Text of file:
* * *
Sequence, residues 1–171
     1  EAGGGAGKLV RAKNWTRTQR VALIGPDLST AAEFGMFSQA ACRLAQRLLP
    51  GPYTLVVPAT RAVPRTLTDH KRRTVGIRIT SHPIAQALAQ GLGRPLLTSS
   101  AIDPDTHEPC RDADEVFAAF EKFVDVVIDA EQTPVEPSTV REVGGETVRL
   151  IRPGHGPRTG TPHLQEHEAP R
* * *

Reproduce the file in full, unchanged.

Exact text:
Sequence, residues 1–171
     1  EAGGGAGKLV RAKNWTRTQR VALIGPDLST AAEFGMFSQA ACRLAQRLLP
    51  GPYTLVVPAT RAVPRTLTDH KRRTVGIRIT SHPIAQALAQ GLGRPLLTSS
   101  AIDPDTHEPC RDADEVFAAF EKFVDVVIDA EQTPVEPSTV REVGGETVRL
   151  IRPGHGPRTG TPHLQEHEAP R